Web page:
Pros

  • It has a 99% success rate

  • Lasts for 5 -10 yrs without needing to be replaced

  • Can be used while breastfeeding

  • Hormonal IUDs may reduce the risk of endometrial cancer and make periods lighter or even nonexistent (copper IUDs do not have that benefit).

Cons

  • Must be inserted and removed by a healthcare provider.

  • Requires a pelvic exam before insertion.

  • Insertion may be uncomfortable or even painful.

  • Risk of perforating your uterus during insertion (though, that occurs in 1 of 1,000 women).

  • Unpredictable spotting for several months after insertion.

  • No STI protection


Hormonal Implant

It’s placed under the skin of your upper arm to deliver a constant supply of pregnancy-preventing hormones into your bloodstream.


Pros

  • 99% success rate

  • Lasts for 3-5 years without removal

  • It can reduce heavy and painful periods for some women

  • Inserted during a quick in-office procedure

  • No pelvic exam required

Cons

  • If you wish to get pregnant immediately after it may take some time for ovulation to return

  • Like the IUDs, it may cause unpredictable spotting

  • No STI protection


Daily pill

If taken every day, it temporarily stops ovulation from taking place.


Pros

  • 92% success rate

  • It can reduce heavy and painful periods for some women

  • It doesn’t have to be inserted or implanted

Cons

  • It must be taken every single day at the same time whether or not you had sex or the effectiveness goes down

  • Not recommended for smokers, or if you have diabetes or high blood pressure.

  • Not recommended for women over 35 years of age

  • Not recommended for those with breast cancer, stroke, thrombosis, or liver disease in the family.

  • No STI protection


Condoms

It serves as a barrier that prevents sperm from entering your uterus after ejaculation.


Pros

  • 99% success rate

  • The only contraceptive method with STI protection

  • It has no impact on your menstrual cycle

  • Can be used with other birth control methods for STD protection and improved prevention of pregnancy

Cons

  • Condoms can sometimes break during sex

  • Some people are allergic to latex and should instead opt for polyurethane types

  • Can’t mix latex condoms with oil-based lube


Day-after pill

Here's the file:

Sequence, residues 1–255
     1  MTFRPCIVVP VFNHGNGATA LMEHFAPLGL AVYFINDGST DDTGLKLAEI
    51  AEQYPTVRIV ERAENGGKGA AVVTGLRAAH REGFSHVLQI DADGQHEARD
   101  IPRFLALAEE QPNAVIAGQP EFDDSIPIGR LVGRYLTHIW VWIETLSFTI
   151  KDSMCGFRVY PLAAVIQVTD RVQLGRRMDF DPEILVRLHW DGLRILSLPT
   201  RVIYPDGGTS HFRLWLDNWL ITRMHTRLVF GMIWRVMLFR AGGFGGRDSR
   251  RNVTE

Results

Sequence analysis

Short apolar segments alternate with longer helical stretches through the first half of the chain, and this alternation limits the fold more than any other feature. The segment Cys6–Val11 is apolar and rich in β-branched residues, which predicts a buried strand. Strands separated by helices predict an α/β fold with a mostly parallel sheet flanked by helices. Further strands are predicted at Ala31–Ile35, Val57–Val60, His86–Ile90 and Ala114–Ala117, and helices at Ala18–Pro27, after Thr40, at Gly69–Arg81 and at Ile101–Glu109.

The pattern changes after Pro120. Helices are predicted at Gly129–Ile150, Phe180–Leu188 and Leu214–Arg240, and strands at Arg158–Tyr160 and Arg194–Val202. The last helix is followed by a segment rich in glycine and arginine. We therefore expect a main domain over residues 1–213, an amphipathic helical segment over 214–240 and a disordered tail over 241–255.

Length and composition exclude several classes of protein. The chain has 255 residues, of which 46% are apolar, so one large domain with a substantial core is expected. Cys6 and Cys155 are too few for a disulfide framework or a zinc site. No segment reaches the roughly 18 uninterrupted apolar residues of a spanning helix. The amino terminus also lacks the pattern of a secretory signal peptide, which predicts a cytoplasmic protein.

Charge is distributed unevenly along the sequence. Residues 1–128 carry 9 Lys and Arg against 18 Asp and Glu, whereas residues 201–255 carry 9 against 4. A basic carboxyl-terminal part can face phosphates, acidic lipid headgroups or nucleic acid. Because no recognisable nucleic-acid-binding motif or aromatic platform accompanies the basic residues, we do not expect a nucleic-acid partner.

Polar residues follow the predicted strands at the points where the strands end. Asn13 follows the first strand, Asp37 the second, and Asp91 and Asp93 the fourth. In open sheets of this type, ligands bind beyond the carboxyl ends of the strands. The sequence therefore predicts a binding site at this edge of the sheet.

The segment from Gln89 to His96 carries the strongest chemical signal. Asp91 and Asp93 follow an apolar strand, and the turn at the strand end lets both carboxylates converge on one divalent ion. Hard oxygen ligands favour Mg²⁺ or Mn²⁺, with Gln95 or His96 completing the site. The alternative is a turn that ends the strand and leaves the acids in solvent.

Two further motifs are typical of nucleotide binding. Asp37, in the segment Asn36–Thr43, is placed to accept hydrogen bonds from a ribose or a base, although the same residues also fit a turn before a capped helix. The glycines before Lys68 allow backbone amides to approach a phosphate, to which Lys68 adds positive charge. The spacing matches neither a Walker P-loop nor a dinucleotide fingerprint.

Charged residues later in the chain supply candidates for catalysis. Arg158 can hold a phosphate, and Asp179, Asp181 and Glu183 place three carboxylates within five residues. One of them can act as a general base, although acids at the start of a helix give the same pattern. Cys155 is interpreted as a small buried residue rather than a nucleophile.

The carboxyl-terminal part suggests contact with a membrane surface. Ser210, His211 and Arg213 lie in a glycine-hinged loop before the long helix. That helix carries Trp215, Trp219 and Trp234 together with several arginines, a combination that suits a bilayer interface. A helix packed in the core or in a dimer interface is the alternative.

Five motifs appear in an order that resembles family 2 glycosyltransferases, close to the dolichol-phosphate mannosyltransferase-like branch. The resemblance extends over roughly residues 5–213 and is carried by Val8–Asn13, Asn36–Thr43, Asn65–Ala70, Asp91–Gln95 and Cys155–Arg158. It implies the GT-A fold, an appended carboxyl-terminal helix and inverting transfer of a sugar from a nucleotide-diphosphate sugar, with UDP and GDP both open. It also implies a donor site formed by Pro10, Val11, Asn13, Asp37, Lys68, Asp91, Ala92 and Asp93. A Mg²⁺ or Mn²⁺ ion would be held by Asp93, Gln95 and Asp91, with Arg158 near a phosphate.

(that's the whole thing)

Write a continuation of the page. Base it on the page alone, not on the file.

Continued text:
Only suitable for emergencies and carries a large dose of hormones. They help prevent pregnancy if you've had unprotected sex — either because you didn't use birth control, you missed a birth control pill, you were sexually assaulted or your method of birth control failed.


Pros

  • It can be bought in advance so that you always have it on hand if you need it.

  • Only requires one single dose

Cons

  • 85% success rate

  • No STI protection

  • If taken regularly it can affect your period and fertility

  • Not recommended if you’ve had sex longer than 24hrs before

  • If you vomit within 3 hrs of taking the pill, you will need to take another dose.

  • It may delay your period by up to one week. If you don't get your period within three to four weeks of taking the morning-after pill, take a pregnancy test.


What do you need to do next?

Talk to your doctor. Know that you are informed about the options that exist, book an appointment with your doctor and discuss your preferences. Your doctor should be able to advise you further based on your age, medical history, lifestyle and so on.


In conclusion

Ain’t it great to have options? The best part is you now know how they work and what to look for. There are no bad options, it just depends on your priorities, preferences, lifestyle and concerns. If you still have questions just Ask Grace in the app.

Stay informed, stay in control

Do you have an idea of what contraceptive method to choose? Click here to download the Grace Health app